UPDATE at 1:52 p.m. PT: THe Hollywood Foreign Press Association issued a statement in response to Brendan Fraser's comments, which states, "The HFPA continues to stand firmly against sexual harassment. As such, we have always taken Brendan Fraser's allegations very seriously—both when he originally spoke out in 2003 and now again 15 years later. Back then, after an initial inquiry, we provided Mr. Fraser with the exact redress he sought—an acknowledgement of the transgression and an apology. Mr. Fraser continued to attend HFPA events including the Golden Globes."
"When Mr. Fraser raised the allegations again this year in the March issue of GQ, adding several previously unknown details, we conducted an internal review and then took it upon ourselves to commission an independent investigation into the matter to ensure impartiality," the statement said. "We've shared the results of that investigation with Mr. Fraser, and again apologized, but also conveyed our need to abide by the investigation's finding that the exchange was not an intended sexual advance. We want to reiterate that the HFPA understands today—as it did 15 years ago—that what Mr. Fraser experienced was inappropriate."
Brendan Fraser says an investigation by the Hollywood Foreign Press Association, the organization that presents the Golden Globes, disputes his account of sexual harassment by one of its members and wanted him to agree that the man touched him inappropriately as a joke, not as a sexual advance.
Philip Berk, the journalist in question and a former president of the group, has denied any wrongdoing. He remains a member of the organization.
Fraser had claimed Berk had grabbed his butt at a group event in 2003. In a GQ interview published this past February, he said he demanded and received a written apology from him. Berk told the outlet that the actor's account is a "total fabrication" and that he gave him an apology that "admitted no wrongdoing." GQ reported that Berk had written about the incident in his memoir and had stated that he had pinched the Mummy star's butt in jest.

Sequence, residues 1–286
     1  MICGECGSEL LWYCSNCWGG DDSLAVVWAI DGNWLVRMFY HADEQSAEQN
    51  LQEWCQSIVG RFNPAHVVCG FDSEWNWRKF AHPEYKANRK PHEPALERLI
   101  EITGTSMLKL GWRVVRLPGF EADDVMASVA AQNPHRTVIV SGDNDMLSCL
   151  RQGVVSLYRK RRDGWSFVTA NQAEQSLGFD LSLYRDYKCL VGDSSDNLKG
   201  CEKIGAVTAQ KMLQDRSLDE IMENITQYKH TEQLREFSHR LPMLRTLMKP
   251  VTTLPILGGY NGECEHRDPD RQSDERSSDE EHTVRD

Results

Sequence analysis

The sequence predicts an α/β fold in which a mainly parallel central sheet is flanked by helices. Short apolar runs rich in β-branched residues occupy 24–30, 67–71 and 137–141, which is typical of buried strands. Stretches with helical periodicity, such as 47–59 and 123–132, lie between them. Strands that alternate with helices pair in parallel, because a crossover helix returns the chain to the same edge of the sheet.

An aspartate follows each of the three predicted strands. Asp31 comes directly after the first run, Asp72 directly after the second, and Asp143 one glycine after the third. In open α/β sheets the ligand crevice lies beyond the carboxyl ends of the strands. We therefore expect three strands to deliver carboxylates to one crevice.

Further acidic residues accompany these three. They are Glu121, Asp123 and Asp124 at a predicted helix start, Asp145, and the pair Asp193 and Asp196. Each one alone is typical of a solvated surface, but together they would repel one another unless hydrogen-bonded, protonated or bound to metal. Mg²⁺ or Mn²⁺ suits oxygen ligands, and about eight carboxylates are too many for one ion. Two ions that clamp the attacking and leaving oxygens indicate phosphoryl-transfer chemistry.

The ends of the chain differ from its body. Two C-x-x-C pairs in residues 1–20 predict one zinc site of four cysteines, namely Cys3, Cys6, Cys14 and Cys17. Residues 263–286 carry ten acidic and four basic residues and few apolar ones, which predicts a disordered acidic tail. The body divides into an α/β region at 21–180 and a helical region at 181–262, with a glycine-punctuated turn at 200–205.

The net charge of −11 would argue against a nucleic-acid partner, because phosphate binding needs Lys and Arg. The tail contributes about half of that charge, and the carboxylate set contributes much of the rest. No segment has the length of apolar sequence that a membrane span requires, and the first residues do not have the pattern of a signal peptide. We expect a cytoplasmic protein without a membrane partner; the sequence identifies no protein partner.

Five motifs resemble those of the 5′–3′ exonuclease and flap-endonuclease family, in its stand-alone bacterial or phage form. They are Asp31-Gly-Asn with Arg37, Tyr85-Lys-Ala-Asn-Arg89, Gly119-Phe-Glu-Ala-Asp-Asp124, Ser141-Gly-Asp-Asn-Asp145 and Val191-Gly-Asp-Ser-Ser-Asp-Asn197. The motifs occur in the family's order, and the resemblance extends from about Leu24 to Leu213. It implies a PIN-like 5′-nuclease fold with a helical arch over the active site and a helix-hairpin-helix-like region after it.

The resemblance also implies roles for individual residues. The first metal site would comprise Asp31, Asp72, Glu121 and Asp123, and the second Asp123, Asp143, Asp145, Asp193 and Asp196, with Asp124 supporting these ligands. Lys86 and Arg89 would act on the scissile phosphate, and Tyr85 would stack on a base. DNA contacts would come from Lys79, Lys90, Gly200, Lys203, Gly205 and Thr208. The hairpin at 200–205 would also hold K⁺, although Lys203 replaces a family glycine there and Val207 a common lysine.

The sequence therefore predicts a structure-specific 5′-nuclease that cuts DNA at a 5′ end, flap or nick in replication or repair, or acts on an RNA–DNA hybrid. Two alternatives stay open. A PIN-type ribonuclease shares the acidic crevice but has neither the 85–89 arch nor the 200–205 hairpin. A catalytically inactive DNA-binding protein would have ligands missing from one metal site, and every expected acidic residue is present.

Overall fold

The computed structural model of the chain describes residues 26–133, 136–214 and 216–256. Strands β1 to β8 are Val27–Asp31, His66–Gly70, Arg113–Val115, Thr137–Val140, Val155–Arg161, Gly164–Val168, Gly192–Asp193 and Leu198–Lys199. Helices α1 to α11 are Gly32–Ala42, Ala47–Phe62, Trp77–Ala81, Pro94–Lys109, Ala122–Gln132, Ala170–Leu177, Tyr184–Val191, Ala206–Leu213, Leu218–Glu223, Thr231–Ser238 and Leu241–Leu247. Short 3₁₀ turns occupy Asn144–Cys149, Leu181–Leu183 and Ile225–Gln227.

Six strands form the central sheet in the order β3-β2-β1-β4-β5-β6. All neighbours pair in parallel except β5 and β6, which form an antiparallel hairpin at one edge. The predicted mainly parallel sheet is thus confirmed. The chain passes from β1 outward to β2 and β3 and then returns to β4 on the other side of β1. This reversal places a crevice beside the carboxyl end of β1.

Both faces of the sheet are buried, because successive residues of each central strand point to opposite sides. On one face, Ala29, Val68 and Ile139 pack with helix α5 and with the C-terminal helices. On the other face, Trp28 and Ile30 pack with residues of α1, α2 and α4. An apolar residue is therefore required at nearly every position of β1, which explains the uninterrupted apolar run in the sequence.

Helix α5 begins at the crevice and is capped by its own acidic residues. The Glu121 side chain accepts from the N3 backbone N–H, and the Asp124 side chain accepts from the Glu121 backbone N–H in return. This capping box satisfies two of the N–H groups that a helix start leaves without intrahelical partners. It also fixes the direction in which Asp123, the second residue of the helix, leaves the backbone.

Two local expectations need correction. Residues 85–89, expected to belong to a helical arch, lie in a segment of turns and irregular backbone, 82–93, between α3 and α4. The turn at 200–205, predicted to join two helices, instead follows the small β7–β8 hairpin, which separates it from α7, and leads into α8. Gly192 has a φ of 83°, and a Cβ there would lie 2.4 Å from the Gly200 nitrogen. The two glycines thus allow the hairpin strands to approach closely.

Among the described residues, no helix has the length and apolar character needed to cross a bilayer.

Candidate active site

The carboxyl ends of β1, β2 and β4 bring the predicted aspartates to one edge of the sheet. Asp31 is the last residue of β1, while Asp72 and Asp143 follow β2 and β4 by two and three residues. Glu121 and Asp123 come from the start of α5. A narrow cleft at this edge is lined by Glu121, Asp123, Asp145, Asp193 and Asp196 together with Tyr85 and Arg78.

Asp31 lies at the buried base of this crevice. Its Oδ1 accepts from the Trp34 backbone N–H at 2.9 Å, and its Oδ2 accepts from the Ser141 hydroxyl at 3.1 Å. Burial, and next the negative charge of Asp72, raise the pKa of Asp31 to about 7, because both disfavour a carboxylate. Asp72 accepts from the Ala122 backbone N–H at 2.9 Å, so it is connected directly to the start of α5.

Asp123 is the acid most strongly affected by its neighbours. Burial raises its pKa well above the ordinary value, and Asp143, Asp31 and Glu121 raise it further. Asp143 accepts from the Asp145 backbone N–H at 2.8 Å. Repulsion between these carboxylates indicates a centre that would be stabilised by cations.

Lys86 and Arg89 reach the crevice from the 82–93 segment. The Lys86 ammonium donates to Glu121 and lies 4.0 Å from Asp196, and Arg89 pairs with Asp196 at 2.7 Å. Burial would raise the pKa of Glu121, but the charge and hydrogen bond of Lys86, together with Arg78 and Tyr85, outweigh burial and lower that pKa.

After the interview was published, the HFPA launched an investigation into Fraser's claims about the journalist, which were made as a slew of celebs, mostly women, publicly accused powerful men of sexual misconduct. In March, in a E! News interview, Fraser said, "I can go forward now and I feel good that I was inspired by others with courage and I was able to speak what I needed to say and it's a new time, it's a new era and I think some change that's good is going to come about. I'm optimistic. I'm hopeful."
In an article published on Wednesday, GQ quoted Fraser as saying that the HFPA's investigation has since ended and that they proposed issuing a joint statement that read, "Although it was concluded that Mr. Berk inappropriately touched Mr. Fraser, the evidence supports that it was intended to be taken as a joke and not as a sexual advance."
He said the organization also apologized to him in the proposed statement, which also allegedly stated, "All parties consider this matter to be concluded" and that the HFPA looks forward "to continuing to work with Mr. Fraser."
Fraser said he declined to sign on to the proposed joint statement, adding, "I don't get the joke."
Fraser said an independent investigator interviewed him about the incident in April. He said he wanted to see the person's report so he would know what he was signing off on and that the HFPA declined, instead providing him with a summary of the findings.
Berk told GQ he did not face any disciplinary action from the HFPA and was not shown the investigator's findings or the proposed joint statement, adding, "But [I was] told the statement would absolve me of any wrongdoing."
Fraser told GQ he now wants "to end this episode, this chapter, in my own life and career and move on, just as I'm hopeful that others will be able to in years to come."